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    If, like me, you are obsessed with food, you will attest to the eternal quest to enrich your life with amazing eating experiences. While I could blame my crazy idea of moving to the country on watching too much of Hugh Fearnley-Whittingstall's River Cottage television series, or reading the writings of Alice Waters and Paul Bertolli in the Chez Panisse cookbooks, somewhere along the way I had an epiphany. It dawned on me that the majority of the food I was eating in restaurants was days, sometimes weeks or even months old, the product of an industrial farming system that values high yields and amenability to transport and storage above flavour. Remember that as soon as something is harvested, it begins to deteriorate, so I realised that if I wanted to experience a fruit or vegetable at its best, I needed to get as close to that point as possible.

    Ironically, I grew up in the country, but as a teenager all I ever wanted to do was head to the city, because I thought that's where it was all happening – the bright lights, the bustling restaurants – and by then I had my heart set on becoming a chef. I have heard it said that to be a good cook, first you have to be a good eater, and as a young lad it seemed I was always hungry; hollow legs, I think they called it! The other career inkling I had was teaching. However, I felt I could always go back to university if this cooking thing didn't work out. Life has such a funny way of making things happen that one would have never thought possible, such as combining the two.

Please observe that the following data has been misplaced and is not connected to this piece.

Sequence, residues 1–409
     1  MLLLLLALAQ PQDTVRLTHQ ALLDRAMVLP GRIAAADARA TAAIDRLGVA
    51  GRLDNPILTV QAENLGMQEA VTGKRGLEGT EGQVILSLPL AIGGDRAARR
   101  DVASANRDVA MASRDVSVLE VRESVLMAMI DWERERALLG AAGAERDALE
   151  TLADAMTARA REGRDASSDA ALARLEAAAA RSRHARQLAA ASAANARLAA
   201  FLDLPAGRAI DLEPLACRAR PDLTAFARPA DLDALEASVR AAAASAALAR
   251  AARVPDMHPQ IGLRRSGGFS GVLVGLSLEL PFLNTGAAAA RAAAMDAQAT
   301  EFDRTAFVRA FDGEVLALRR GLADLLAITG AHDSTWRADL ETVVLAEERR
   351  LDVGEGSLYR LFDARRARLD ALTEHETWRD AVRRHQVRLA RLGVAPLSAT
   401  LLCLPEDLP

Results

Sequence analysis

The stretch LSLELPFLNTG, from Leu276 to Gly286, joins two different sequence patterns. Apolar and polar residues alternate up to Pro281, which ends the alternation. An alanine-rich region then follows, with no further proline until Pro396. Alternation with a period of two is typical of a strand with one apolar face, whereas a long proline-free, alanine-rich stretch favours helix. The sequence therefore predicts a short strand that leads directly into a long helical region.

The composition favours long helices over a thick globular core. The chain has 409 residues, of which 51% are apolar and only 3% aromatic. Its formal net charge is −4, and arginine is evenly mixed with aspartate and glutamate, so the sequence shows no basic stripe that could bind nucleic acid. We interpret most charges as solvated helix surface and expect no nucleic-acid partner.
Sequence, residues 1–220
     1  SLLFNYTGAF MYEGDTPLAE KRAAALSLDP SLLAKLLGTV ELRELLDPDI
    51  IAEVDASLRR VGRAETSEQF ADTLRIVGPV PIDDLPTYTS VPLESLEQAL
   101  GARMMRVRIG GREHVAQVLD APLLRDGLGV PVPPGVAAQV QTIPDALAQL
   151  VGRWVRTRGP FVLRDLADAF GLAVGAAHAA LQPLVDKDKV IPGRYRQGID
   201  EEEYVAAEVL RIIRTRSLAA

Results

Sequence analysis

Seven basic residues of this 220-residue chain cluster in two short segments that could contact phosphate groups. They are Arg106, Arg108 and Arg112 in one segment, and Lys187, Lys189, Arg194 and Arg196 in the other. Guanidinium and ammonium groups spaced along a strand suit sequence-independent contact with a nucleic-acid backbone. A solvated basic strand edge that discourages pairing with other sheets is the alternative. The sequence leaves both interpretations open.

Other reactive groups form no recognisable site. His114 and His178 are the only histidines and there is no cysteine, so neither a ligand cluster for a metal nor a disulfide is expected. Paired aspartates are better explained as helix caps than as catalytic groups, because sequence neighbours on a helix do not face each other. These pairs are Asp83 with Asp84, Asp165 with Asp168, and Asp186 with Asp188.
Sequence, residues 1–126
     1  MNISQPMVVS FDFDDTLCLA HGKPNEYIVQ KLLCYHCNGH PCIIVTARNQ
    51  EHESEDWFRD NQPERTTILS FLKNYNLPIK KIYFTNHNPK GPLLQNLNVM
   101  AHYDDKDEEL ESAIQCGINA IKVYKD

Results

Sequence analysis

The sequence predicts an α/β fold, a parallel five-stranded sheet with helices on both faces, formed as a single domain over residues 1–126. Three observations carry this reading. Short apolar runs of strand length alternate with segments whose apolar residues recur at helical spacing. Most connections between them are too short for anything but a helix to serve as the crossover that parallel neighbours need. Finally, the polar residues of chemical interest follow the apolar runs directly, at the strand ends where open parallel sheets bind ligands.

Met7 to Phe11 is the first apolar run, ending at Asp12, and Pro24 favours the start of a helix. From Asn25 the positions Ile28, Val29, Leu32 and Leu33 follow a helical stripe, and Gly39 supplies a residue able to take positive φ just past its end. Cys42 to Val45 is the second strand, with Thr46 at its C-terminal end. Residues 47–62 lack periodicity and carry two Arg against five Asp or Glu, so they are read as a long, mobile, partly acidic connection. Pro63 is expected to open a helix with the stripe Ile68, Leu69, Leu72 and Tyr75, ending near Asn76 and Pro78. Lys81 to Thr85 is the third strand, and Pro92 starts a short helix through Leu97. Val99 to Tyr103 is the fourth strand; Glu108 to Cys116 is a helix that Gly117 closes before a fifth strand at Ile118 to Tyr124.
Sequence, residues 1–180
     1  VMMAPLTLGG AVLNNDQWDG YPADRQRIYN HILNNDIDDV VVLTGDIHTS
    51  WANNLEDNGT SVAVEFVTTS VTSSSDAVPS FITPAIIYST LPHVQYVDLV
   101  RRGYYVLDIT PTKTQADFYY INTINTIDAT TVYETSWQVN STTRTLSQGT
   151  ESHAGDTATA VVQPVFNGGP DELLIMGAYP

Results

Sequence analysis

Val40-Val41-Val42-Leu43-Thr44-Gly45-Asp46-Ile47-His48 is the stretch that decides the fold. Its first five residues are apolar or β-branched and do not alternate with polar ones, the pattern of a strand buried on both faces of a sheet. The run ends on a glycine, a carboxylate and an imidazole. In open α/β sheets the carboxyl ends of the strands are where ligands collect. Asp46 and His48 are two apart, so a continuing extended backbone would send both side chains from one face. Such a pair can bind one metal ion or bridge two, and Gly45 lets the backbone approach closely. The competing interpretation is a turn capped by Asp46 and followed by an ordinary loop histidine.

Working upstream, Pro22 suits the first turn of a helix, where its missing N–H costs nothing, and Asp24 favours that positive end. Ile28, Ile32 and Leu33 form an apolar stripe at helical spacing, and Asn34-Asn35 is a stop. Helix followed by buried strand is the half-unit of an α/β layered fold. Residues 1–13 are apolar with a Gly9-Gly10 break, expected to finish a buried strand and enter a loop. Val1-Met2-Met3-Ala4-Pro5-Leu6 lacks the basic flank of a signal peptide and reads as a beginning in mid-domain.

After beginning my chef apprenticeship in Griffith in south-east New South Wales, I found my way to the kitchen of Sam Vico at Caffe Bassano. It was here that I learnt to cook Italian food with heart, to cook seasonally and simply, honouring the ingredient. In the last year of my apprenticeship, at the age of twenty, I left for Sydney to work for Tetsuya Wakuda at his restaurant, which was then in the inner-western suburb of Rozelle. At the time, I didn't realise the impact this would have on the rest of my life. We worked long, hard hours in a small kitchen, and faced a whole new level of expectation and discipline – an experience that has held me in good stead ever since. Of course, there was also the opportunity to sample some amazing produce: I will never forget the time a box of white Alba truffles arrived straight from the airport, or the summertime crates of farm-fresh white peaches that drove everyone crazy with their sweet, luscious fragrance.